Research & Your Health

Research & Your Health is a series of articles written in accessible, everyday language, focused on the latest scientific research of natural health products.

Carotenoids: Potential Allies of Cardiovascular Health

On September 3, 2015

Background: Carotenoids are natural, fat-soluble pigments found largely in vegetables, fruits, algae and microorganisms. Humans do not have the ability to make carotenoids so they must be obtained from food sources. Because of the way that these compounds are structured, they can have an antioxidant effect on human cells. Nutrition plays a significant role in the prevention of many chronic diseases and, in conjunction with genetic factors, age and lifestyle, should be considered an important part of a healthy lifestyle. 

Objective: The focus of this study was to examine the potential effect of some carotenoids when used to prevent cardiovascular disease (CVD). 

Methods: Carotenoids can be classified as carotenes (beta-carotene and lycopene) or xanthophylls (lutein, fucoxanthin, canthaxanthin, zeaxanthin, beta-criptoxanthin, capsorubin, and astaxanthin). The authors reviewed and summarized current literature to identify the mechanism and benefits of each classification.

Results: Xanthophylls
Lutein: a pigment found in the human retina. Food sources are yellow corn, egg yolk, orange juice, honeydew melon, and other fruits, but especially occurring in dark green vegetables such as turnip greens, kale, parsley, spinach, and broccoli. Lutein is well-known to be protective against agerelated macular degeneration and senile cataract. 

Astaxanthin: abundant in microalgae, plankton, krill, fish, and other food from the sea. It functions efficiently as an antioxidant with the potential for protecting against oxidative stress which can lead to certain types of cancer, chronic inflammatory diseases, metabolic syndrome, diabetes, diabetic nephropathy, liver and gastrointestinal diseases, neurodegenerative diseases, and even CVD. 

Zeaxanthin: dietary sources are the same as those for lutein. Like lutein, it is theorized to lower the risk of macular degeneration. Other studies have shown that higher levels of zeaxanthin may be protective against early atherosclerosis.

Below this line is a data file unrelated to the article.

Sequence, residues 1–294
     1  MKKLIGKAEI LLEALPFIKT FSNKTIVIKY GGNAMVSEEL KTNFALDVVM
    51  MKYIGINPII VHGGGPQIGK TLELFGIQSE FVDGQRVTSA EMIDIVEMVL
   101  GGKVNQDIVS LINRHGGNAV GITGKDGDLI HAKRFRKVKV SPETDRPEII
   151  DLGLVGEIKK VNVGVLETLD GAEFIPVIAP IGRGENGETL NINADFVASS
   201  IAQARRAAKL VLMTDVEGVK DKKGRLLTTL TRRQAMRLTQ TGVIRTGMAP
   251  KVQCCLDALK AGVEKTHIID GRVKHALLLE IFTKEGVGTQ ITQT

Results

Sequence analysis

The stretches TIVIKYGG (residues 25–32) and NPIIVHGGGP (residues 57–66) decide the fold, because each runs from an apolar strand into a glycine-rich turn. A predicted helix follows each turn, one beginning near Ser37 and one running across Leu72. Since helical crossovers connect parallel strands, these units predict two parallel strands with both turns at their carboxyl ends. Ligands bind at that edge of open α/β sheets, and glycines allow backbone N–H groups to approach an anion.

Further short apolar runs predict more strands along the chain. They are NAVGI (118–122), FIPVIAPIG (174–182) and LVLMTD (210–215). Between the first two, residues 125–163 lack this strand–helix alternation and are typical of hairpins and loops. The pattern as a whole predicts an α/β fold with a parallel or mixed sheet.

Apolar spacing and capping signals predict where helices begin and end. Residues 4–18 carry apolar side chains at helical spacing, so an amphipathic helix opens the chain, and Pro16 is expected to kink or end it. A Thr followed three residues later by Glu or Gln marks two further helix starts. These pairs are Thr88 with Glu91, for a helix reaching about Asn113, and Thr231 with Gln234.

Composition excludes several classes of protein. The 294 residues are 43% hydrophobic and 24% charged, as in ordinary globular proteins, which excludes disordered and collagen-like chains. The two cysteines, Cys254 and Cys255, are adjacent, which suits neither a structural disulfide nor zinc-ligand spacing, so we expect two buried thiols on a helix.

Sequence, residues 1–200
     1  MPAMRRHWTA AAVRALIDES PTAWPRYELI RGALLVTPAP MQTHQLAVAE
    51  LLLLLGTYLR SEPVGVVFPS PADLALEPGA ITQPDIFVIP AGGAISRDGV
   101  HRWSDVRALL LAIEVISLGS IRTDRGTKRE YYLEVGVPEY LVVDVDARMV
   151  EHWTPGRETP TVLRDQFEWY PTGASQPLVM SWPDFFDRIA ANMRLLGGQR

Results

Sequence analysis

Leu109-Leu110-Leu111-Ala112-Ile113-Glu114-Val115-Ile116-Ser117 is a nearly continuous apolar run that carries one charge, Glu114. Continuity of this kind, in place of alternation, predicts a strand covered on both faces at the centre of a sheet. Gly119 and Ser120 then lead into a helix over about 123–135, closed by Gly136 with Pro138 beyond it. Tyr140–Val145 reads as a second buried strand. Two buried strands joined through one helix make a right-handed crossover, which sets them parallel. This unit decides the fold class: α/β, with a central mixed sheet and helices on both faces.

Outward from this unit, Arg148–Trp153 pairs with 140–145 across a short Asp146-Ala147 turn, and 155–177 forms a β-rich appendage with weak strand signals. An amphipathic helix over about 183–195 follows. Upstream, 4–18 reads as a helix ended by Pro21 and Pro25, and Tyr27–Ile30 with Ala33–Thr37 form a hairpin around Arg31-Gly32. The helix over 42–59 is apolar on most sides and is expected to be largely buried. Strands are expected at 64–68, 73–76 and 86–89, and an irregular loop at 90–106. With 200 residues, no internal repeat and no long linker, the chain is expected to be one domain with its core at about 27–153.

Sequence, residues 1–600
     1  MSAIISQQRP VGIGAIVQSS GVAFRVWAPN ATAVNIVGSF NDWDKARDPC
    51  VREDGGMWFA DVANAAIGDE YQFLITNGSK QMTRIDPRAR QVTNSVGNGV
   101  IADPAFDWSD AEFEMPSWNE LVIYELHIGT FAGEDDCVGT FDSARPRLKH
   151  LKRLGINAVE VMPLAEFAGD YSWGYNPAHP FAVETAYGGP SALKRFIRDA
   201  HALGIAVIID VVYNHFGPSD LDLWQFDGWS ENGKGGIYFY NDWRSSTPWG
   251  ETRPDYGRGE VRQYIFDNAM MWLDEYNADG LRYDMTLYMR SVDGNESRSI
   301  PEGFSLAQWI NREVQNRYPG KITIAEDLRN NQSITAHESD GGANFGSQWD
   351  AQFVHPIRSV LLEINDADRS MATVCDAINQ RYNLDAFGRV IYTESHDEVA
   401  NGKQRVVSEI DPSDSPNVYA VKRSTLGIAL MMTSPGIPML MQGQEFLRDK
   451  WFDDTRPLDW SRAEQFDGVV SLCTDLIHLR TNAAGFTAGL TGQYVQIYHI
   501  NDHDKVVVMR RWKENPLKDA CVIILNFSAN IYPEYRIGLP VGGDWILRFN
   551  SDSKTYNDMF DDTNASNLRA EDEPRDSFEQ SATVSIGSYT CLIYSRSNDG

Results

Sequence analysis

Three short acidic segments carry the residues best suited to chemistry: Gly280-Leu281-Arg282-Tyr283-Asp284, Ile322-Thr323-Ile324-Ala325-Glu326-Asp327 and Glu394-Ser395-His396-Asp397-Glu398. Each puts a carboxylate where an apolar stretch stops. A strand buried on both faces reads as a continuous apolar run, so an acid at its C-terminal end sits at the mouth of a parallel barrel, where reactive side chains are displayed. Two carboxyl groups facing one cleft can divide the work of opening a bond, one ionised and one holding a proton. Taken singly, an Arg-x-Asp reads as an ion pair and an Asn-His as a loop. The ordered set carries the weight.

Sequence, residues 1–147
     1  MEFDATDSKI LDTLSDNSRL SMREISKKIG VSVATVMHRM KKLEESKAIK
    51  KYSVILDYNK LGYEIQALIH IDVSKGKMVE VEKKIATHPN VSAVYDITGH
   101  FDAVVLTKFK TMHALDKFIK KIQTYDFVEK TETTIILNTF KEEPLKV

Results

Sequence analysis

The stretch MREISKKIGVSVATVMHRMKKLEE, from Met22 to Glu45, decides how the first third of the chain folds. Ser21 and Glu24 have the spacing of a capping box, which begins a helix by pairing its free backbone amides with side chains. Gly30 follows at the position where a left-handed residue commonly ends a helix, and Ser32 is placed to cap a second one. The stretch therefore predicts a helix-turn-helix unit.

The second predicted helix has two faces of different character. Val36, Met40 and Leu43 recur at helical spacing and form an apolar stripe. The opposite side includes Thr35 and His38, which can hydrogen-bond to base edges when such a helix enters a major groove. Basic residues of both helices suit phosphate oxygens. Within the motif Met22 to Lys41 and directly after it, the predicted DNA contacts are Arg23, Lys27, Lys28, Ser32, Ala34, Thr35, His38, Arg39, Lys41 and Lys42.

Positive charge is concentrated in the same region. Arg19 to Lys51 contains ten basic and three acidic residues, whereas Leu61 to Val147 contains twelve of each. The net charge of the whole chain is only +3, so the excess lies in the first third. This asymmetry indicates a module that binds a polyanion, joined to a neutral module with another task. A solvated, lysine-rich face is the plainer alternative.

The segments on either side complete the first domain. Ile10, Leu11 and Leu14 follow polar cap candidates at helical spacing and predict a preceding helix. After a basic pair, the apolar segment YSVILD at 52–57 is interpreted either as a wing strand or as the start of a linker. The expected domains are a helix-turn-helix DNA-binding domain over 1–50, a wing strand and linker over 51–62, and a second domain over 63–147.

Beta-criptoxanthin: best food sources are oranges, peach, tangerines, and papaya. It has been associated with improved respiratory function and lower rates of lung cancer. Some studies identify it as a protective nutrient. Others have found that beta-criptoxanthin has a direct stimulatory effect on bone formation and inhibitory effect on bone resorption. 

Fucoxanthin: found in brown seaweeds. It acts on reducing major cardiovascular risk factors such as obesity, diabetes, high blood pressure, chronic inflammation, plasma and hepatic triglyceride, and cholesterol concentrations.
Results: Carotenes 

Lycopene: the pigment responsible for the red color in some fruits and vegetables such as tomato, red grapefruit and watermelon. It is an unsaturated carotenoid which makes it quite efficient as an antioxidant. Consumption can help to prevent both aging and CVD. 

Beta-carotene: one of the most widely studied carotenoids is found in abundance in carrots, oranges, kale, spinach, turnip greens, apricots and tomatoes. Several studies have shown that an abundance of beta-carotene in the diet may be protective against many diseases such as CVD and cancer. 

Conclusion: Pathophysiology of many chronic and acute conditions, especially of CVD, is explained by inflammation and oxidative stress. The antioxidant and anti-inflammatory activity of fucoxanthin, astaxanthin, lycopene and lutein make them desirable dietary inclusions, along with regular exercise, as an important means of prevention and treatment of cardiovascular risk factors. 

Findings in Perspective: Carotenoids are easily accessible compounds that may have a significant impact on health. Trying to obtain these nutrients through a whole foods diet, which incorporates a variety of fruits and vegetables, has been shown to impact risk factors associated with cell damage and a number of chronic diseases. 

Maria Alessandra Gammore, Graziano Riccioni and Nicolantonio D’Orazio Food & Nutrition Research 2015, 59: 26762 -